An investigation of CHC cognitive patterns among school students in grades five through nine with learning disabilities




Pace, Erin Marie McClain

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Texas Woman's University


Interest in students who exhibit characteristics with difficulties in learning can be traced as far back as 1800. In order to better understand the complexities and causes of learning disabilities, many researchers (Bannatyne, 1968, 1974; Rugal, 1974) have investigated ways to better identify learners who struggle with academics. A strong argument could be made for delving deeper into the student's indicators of cognitive weaknesses, focusing primarily on whether or not he/she exhibits a pattern of strengths and weaknesses, in order to better understand learning disabilities. This study investigated the possibility of patterns within CHC cognitive abilities (Gc: Comprehension Knowledge, Glr: Long Term Memory, Gs: Processing Speed, Gf: Fluid Reasoning, Gsm: Short Term Memory, Gv: Visual Spatial Thinking, Ga: Auditory Processing), for students who have been initially assessed for the 2008–2010 school years. Data from 57 participants in grades five through nine were used. Unlike previous studies, actual participants' data was used verses normative data, and composite scores were used verses individual subtest scores.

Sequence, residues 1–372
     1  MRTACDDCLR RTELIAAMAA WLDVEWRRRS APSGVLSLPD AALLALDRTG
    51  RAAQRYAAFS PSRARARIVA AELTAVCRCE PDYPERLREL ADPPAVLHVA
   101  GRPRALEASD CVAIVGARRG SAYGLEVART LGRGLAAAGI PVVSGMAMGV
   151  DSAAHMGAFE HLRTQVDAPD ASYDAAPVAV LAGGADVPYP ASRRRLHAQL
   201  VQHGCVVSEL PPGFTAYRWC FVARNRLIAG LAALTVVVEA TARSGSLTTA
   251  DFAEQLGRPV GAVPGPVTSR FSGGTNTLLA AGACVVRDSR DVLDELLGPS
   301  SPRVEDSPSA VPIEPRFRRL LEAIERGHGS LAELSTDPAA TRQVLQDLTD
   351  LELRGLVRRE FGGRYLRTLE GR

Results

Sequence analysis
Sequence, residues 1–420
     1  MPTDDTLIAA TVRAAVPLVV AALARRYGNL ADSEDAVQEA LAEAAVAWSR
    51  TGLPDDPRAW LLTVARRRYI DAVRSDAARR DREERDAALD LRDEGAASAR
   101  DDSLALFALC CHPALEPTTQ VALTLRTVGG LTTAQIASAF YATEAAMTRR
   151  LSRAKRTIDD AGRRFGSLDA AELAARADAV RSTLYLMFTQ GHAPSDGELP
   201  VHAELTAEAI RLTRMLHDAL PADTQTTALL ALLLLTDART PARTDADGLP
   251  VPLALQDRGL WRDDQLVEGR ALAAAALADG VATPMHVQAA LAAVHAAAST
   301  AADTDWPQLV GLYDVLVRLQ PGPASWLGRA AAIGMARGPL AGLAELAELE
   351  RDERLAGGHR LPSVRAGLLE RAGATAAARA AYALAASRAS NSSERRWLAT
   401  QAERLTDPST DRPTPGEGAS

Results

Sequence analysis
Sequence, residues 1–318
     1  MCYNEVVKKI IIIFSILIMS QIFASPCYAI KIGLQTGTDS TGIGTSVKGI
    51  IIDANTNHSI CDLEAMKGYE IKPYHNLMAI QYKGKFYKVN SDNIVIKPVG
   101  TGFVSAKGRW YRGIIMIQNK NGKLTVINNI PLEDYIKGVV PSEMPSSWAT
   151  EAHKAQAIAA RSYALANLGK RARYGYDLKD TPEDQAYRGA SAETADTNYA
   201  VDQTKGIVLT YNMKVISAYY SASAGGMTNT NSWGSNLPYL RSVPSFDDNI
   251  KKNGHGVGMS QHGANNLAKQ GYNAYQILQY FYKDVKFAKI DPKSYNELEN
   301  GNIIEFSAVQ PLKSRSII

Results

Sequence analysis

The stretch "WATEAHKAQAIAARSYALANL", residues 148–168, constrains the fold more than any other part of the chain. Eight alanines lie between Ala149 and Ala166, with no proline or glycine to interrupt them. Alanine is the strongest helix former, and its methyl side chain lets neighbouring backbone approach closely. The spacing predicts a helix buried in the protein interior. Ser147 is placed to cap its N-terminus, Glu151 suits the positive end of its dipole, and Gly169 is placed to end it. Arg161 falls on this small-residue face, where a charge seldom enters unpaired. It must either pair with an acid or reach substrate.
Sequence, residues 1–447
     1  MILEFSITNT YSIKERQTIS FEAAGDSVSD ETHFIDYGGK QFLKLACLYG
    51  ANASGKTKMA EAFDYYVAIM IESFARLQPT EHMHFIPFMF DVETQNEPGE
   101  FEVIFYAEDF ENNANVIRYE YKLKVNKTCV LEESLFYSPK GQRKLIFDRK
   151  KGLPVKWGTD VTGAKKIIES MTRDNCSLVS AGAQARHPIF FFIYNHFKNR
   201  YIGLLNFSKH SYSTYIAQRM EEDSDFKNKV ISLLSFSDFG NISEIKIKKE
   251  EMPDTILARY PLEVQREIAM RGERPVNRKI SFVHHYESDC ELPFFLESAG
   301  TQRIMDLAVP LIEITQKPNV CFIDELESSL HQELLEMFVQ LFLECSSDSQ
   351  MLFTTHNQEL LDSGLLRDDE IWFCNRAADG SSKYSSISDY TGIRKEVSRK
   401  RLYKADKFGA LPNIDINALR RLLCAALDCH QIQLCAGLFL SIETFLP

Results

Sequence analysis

When patterns existed, the differences in patterns for the academic areas that the student initially qualified as learning disabled were examined using the seven areas of eligibility (Basic Reading, Reading Comprehension, Reading Fluency, Math Calculations, Math Reasoning, Written Expression, Oral Expression, and Listening Comprehension). Patterns were found and statistical significance of the findings was also found. The overall mean cognitive pattern (from highest to lowest) was Ga > Gv > Gsm > Gf > Gs > Gc > Glr. Although not all fell in the same order, when broken down by achievement area, Glr and Gc remained within the bottom 3 for determining a pattern. For Reading Comprehension and Basic Reading, a significant correlation was found with Gc. There was not a significant correlation found for Reading Fluency. Math Reasoning showed a significant correlation to Gf. Math Calculations had a significant positive correlation to Gs and a significant negative correlation to Gc. Listening Comprehension and Oral Expression showed a significant correlation to Gc. A significant difference was not found when investigating the difference in gender, however a significant difference was found between grades 5 and 8. This study supports the need for further studies using participant data. Further studies may aid in addressing weaknesses before an initial referral is made.



Educational psychology, Special education, Cognitive processing, Learning disabilities